Fumigation of insecticides makes only sense to immediately reduce an excessive fly population indoors. But it kills only those flies that are caught in the mist during application. Fumigation has no residual effect. Fumigation usually requires special equipment. To be effective air circulation must be interrupted in the fumigated premises. Fumigation may require emptying the premises from animals to prevent poisoning. Products for fumigation contain mostly veteran insecticides such as organophosphates and synthetic pyrethroids, often mixed withsynergists.
It is never a good idea to directly treat the animals with insecticides in order to kill adult houseflies (e.g. with dips, sprays, pour-ons, ear-tags, dusts, etc.). First, because houseflies land only very shortly on the animals, since they feed on any organic material, which they can find in excess off the animals: very few flies would be killed. Second, because many insecticides for surface treatment are only approved for off-animal use, and treating livestock with such products bears the risk of poisoning or of illegal residues in meat, milk or eggs.
There are no synthetic chemical repellents capable of keeping houseflies away from livestock, manure or organic waste material.
Larvicides kill the immature stages of the flies in their breeding environment. Products for this purpose are mostly applied directly on the manure heaps, or for spraying floors, drains, crevices, etc. where fly maggots could hide. This process is sometimes called larviciding. Such products are available as sprays, granules, powders, etc.
Besides classical veteran larvicides (e.g. organophosphates, carbamates, synthetic pyrethroids, neonicotinoids) that kill the larvae, insect development inhibitors are also used (e.g. cyromazine, diflubenzuron, triflumuron, etc.) that do not immediately kill the larvae, but interrupt their development to adult flies. The drawback of such products is that they are also detrimental to the beneficial dung fauna, with the exception of cyromazine that is quite specific for houseflies.
In some countries there are larvicides available as feed additives for poultry (e.g. with cyromazine). After ingestion by the birds the active ingredient is excreted unchanged in the feces and prevents the development of flies in the manure. Since all the feces are treated it is a very effective means of housefly prevention and control.
Combined Use of Adulticides and Larvicides
It is highly advisable to combine the use of adulticides with larvicides. The major reason is to prevent or at least delay the development of resistance by the houseflies. This makes a lot of sense because larvicides and adulticides have different modes of action. If an adulticide selects flies that are resistant to it, they are most likely to still be susceptible to the larvicide, and vice-versa.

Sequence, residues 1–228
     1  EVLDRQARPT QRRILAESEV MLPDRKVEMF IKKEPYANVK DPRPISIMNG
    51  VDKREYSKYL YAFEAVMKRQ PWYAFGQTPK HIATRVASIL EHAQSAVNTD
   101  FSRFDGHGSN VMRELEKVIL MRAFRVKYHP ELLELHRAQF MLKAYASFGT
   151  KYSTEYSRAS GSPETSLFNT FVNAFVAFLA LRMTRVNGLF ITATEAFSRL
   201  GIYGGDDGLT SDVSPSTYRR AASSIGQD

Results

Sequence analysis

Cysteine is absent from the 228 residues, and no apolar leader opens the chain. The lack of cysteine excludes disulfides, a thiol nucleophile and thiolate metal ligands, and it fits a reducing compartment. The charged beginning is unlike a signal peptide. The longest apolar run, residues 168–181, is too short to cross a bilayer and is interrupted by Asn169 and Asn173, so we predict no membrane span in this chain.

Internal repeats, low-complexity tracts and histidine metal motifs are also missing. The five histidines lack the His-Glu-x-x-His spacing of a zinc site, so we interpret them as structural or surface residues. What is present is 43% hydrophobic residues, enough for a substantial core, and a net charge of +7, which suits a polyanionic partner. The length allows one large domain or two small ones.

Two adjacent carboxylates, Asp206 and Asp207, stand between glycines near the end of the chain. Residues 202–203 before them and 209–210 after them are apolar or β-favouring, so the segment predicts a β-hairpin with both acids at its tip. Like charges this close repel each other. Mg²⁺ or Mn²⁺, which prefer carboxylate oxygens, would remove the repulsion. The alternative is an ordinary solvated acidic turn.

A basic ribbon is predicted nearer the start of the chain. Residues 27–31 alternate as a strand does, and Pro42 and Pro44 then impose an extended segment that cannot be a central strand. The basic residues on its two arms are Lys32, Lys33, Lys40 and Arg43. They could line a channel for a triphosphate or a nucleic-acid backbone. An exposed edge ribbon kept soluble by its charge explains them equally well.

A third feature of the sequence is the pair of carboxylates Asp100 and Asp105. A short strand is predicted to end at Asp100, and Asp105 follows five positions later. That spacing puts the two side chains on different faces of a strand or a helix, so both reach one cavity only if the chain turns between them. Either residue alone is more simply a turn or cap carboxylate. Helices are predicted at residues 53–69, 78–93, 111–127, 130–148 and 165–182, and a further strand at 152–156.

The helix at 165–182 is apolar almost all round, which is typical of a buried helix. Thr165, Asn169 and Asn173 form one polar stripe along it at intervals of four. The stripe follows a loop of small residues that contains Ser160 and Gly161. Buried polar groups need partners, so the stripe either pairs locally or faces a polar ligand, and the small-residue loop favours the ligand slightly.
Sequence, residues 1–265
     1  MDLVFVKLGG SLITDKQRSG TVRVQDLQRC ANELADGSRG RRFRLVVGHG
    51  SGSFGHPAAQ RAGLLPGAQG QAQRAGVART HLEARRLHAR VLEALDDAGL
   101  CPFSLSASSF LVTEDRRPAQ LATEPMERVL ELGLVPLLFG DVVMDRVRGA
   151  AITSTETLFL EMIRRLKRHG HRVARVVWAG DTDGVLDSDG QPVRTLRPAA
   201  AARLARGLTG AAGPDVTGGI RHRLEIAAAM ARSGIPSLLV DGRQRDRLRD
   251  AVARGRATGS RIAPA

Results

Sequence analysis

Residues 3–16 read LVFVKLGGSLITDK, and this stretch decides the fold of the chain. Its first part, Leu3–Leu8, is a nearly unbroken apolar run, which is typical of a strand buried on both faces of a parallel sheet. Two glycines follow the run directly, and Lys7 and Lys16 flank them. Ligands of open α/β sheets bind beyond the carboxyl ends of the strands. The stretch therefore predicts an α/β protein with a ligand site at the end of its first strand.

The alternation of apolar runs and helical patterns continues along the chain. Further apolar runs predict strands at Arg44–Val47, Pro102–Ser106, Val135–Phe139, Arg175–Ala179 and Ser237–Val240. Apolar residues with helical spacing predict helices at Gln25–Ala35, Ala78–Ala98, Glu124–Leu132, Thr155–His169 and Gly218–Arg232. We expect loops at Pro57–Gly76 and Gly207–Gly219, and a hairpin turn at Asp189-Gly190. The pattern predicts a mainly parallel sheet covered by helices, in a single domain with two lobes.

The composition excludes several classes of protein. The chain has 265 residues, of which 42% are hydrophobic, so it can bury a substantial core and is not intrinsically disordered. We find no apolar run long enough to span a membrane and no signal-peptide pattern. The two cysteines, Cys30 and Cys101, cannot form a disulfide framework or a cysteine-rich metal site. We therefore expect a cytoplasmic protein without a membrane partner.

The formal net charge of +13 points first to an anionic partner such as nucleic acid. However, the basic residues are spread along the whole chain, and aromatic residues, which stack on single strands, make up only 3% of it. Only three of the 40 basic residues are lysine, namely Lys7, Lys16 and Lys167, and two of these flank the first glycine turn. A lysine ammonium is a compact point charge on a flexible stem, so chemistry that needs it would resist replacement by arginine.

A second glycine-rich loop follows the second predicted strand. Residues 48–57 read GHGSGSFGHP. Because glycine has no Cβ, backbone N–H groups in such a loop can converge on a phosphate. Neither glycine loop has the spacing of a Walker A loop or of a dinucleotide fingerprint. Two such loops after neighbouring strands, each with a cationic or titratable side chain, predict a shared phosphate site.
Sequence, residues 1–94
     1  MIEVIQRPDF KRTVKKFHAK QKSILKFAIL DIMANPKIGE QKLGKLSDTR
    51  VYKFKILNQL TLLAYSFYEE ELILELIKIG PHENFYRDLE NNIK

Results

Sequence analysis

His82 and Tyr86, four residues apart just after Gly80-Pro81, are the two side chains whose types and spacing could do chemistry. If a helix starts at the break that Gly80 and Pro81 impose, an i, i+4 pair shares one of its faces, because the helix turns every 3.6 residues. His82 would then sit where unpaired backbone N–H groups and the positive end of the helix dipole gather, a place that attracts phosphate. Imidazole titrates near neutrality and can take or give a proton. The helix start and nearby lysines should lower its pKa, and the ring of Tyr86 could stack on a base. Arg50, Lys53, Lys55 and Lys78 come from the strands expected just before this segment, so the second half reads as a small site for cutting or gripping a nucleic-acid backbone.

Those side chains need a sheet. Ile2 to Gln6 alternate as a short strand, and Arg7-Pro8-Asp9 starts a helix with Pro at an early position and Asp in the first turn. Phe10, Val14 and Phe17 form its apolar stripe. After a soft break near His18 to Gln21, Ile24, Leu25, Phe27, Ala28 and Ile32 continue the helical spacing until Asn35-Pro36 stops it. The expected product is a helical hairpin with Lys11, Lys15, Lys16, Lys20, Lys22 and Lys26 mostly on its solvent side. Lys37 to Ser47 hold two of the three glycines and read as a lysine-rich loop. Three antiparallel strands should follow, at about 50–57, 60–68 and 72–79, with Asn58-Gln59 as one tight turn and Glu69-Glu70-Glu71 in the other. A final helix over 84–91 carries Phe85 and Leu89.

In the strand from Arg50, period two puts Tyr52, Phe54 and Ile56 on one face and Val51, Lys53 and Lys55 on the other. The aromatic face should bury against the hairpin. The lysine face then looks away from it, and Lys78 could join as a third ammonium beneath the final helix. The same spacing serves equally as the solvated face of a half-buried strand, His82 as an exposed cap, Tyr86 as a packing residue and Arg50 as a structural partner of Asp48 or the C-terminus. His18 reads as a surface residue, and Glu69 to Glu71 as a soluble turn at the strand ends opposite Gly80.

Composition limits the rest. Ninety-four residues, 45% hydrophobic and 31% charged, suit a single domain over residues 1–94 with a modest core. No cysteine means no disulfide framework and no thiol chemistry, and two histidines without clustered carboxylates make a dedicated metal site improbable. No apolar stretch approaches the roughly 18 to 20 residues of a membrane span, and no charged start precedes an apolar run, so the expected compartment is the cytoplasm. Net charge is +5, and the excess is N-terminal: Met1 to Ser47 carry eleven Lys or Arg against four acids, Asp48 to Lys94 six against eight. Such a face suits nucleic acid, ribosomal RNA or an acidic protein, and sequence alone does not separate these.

A possible approach is to alternate them, e.g. every three months (a process usually called rotation). Another approach is to use larvicides at the beginning of the fly season to prevent large fly populations to develop, and at the end of the season, to reduce the number of overwintering flies that will re-start the infestation in the next season. Adulticides can be used in between according to the infestation levels.
|If available, follow more specific national or regional recommendations or regulations for housefly control.
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Insecticide resistance of houseflies
Houseflies are the world champions in developing resistance to pesticides. Resistance has been reported for virtually all chemical classes of pesticides. There are even strains resistant to Bacillus thuringiensis, a bacterial pathogen of insects.
Resistance occurs worldwide and can be that high, that the flies survive the contact with undiluted concentrates. There are reports of resistance to organochlorines, organophosphates, carbamates, synthetic pyrethroids, insect development inhibitors, neonicotinoids, phenylpyrazoles, macrocyclic lactones, spinosyns, etc. For the newest active ingredients (e.g. metaflumizone, spinetoram, spinosad) field resistance has not yet been reported, but the past experience strongly suggests that it is only a matter of time for it to appear.
There are also numerous multi-resistant strains, i.e. populations that are simultaneously resistant to two or more chemical classes with different mechanisms of action, e.g. organophosphates carbamates and pyrethroids).
A practical consequence of this is that if a particular product does not achieve the expected control of houseflies, it is reasonable to consider a resistance problem, especially if that product has been used for several consecutive years without rotation. However, experience shows, the most cases of product failure are due to incorrect use of the product.
In addition to product rotation, the best way of delaying resistance development is to follow Integrated Pest management (IPM) programs that combine all available approaches to pest control: structural, operational, biological and chemical.